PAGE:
• The major discharge is forced to take place inside a thick glass capillary tube with an inner bore of 0.5 to 1.5 mm depending on the power of the tube. This concentrates the discharge forcing operation in the most common and desirable TEM00 mode. Note that the appearance of the capillary viewed through the side is misleading due to the magnification of the thick glass – it is actually only about one half to two thirds as large as it looks!On some (mostly larger) He-Ne tubes, the bore may be ground (but not polished) on the outside, inside, or both:
    • Outside ground: The reason is quite simple and low-tech: The bore may be off to one side in the raw capillary enough to affect beam centering. So, it is centerless ground for precise fit in the bore support and there’s no added benefit to justify the cost of polishing it.
    • Inside ground: There are several possible reasons for this:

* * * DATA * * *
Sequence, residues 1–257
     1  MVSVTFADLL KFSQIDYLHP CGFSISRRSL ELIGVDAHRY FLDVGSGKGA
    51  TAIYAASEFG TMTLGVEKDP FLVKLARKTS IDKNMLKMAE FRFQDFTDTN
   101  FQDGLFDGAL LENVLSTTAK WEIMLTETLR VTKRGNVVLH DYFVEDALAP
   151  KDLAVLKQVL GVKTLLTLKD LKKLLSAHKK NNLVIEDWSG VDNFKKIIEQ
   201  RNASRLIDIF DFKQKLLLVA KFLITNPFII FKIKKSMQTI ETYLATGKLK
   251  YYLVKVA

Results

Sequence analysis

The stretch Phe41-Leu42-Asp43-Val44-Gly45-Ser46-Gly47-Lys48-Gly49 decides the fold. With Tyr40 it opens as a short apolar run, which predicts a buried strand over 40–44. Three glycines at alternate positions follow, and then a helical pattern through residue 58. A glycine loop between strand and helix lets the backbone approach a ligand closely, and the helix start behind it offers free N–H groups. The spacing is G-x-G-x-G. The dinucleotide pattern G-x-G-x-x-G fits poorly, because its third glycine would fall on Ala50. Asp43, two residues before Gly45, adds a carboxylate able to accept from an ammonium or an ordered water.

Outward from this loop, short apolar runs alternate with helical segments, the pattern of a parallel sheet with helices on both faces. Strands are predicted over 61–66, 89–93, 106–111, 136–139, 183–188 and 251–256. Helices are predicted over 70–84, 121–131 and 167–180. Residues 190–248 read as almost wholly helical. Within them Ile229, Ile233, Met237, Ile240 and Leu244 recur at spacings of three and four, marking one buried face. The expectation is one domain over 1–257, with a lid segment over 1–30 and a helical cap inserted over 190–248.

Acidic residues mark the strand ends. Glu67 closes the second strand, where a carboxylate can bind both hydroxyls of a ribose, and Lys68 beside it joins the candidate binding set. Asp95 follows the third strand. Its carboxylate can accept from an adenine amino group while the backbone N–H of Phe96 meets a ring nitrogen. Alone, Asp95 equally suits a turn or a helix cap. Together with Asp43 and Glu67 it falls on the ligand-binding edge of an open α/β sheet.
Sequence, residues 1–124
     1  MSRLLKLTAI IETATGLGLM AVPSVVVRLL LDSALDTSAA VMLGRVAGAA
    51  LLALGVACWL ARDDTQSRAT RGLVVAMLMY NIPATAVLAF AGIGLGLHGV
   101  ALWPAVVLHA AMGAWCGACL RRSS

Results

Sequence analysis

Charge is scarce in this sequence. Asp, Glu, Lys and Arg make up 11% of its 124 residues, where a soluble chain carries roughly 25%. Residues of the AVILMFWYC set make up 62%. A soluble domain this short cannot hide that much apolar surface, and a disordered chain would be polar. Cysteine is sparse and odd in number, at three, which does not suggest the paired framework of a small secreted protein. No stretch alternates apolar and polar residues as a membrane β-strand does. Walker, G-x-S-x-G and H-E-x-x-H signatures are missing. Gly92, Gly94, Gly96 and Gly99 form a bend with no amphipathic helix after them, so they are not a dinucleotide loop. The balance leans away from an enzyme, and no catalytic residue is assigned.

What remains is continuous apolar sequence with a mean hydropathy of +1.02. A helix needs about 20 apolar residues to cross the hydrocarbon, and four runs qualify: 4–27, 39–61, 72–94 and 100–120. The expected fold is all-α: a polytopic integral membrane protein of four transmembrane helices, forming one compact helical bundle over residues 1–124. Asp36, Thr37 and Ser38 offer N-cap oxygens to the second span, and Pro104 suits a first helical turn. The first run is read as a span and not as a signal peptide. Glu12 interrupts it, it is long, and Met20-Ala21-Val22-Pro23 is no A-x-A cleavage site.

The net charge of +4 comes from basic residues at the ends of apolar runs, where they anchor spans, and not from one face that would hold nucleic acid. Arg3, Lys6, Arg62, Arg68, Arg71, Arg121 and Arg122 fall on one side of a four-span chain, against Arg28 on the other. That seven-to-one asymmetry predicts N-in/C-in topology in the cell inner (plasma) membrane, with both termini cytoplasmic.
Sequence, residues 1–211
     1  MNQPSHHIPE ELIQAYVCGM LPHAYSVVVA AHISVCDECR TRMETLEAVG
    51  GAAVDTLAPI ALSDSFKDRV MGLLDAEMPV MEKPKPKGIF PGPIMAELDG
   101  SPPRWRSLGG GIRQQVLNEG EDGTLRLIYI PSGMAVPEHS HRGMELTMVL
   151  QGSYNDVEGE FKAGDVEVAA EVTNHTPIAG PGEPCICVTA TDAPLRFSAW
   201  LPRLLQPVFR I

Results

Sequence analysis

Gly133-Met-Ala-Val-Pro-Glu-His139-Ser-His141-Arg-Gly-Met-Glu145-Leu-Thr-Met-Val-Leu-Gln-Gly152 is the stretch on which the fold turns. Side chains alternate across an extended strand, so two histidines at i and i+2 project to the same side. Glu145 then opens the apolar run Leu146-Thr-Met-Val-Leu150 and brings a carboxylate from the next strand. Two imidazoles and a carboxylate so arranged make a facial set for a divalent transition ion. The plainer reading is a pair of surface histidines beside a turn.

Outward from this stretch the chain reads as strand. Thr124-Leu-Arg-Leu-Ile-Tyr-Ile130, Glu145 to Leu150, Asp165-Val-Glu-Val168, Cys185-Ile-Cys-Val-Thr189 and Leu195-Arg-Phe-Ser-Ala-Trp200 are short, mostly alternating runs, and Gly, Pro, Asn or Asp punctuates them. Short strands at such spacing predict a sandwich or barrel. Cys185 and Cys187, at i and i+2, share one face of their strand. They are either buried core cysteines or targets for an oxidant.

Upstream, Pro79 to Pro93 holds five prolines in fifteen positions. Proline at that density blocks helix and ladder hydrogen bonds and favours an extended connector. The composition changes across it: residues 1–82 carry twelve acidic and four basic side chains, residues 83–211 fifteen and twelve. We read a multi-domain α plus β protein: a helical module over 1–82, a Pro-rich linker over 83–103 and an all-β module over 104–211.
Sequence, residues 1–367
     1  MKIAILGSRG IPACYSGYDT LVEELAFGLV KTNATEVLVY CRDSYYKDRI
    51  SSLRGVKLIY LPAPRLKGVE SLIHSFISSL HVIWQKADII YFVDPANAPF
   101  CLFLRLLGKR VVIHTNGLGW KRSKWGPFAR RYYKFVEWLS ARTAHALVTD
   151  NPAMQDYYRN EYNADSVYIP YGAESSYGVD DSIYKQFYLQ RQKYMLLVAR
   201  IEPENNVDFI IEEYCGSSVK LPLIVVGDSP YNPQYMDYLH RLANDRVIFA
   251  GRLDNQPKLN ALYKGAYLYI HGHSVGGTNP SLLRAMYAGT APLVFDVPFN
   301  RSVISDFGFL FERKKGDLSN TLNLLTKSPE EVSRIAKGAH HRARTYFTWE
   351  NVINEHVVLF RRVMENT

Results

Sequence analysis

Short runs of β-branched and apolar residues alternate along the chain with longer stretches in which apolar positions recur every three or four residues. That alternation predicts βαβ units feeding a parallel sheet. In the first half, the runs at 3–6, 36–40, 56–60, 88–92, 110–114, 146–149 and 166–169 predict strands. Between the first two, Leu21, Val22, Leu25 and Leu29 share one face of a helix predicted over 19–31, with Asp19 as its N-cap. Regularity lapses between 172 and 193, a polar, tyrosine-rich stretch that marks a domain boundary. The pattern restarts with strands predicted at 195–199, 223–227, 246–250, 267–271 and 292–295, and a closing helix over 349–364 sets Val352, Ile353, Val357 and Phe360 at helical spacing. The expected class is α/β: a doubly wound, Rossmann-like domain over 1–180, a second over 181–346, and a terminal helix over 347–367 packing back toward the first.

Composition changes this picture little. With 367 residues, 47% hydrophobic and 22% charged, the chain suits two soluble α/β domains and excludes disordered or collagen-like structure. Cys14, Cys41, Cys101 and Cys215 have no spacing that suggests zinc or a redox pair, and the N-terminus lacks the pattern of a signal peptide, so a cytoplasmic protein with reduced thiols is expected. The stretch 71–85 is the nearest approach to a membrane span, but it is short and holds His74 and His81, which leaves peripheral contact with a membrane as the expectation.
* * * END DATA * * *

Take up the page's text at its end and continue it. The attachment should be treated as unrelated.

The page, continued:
Beam quality – There is a statistically significant reduction in diffraction rings (stray light) around the main beam with a frosted bore ID, though some designs are more susceptible to this than others. However, sometimes requirements for a particular spot size or output power limit options and the frosting will help.

      • Off axis stimulated emission suppression – A rough interior minimizes reflections from the bore walls which steal power from the beam along the axis. This is particularly true of the 3.391 ยตm IR transition and may partially account for the lack of magnets (to suppress this line) on modern high power He-Ne lasers.